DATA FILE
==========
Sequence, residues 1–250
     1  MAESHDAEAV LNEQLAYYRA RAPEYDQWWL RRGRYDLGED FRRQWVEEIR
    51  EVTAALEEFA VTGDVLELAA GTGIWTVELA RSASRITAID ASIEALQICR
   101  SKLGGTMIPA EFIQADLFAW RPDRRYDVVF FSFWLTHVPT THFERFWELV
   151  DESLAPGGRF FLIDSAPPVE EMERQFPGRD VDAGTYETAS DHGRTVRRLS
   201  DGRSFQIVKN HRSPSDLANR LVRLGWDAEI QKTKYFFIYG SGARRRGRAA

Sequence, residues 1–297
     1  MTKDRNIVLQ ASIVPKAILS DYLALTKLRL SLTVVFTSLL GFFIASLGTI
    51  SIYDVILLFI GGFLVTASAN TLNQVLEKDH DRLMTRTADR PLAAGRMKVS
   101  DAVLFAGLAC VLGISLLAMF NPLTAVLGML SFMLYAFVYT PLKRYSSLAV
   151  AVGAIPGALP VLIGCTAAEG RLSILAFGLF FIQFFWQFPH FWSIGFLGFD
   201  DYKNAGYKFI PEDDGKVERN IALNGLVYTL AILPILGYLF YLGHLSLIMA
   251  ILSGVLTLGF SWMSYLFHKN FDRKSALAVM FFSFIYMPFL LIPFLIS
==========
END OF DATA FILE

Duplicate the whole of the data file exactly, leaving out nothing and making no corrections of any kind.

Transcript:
Sequence, residues 1–250
     1  MAESHDAEAV LNEQLAYYRA RAPEYDQWWL RRGRYDLGED FRRQWVEEIR
    51  EVTAALEEFA VTGDVLELAA GTGIWTVELA RSASRITAID ASIEALQICR
   101  SKLGGTMIPA EFIQADLFAW RPDRRYDVVF FSFWLTHVPT THFERFWELV
   151  DESLAPGGRF FLIDSAPPVE EMERQFPGRD VDAGTYETAS DHGRTVRRLS
   201  DGRSFQIVKN HRSPSDLANR LVRLGWDAEI QKTKYFFIYG SGARRRGRAA

Sequence, residues 1–297
     1  MTKDRNIVLQ ASIVPKAILS DYLALTKLRL SLTVVFTSLL GFFIASLGTI
    51  SIYDVILLFI GGFLVTASAN TLNQVLEKDH DRLMTRTADR PLAAGRMKVS
   101  DAVLFAGLAC VLGISLLAMF NPLTAVLGML SFMLYAFVYT PLKRYSSLAV
   151  AVGAIPGALP VLIGCTAAEG RLSILAFGLF FIQFFWQFPH FWSIGFLGFD
   201  DYKNAGYKFI PEDDGKVERN IALNGLVYTL AILPILGYLF YLGHLSLIMA
   251  ILSGVLTLGF SWMSYLFHKN FDRKSALAVM FFSFIYMPFL LIPFLIS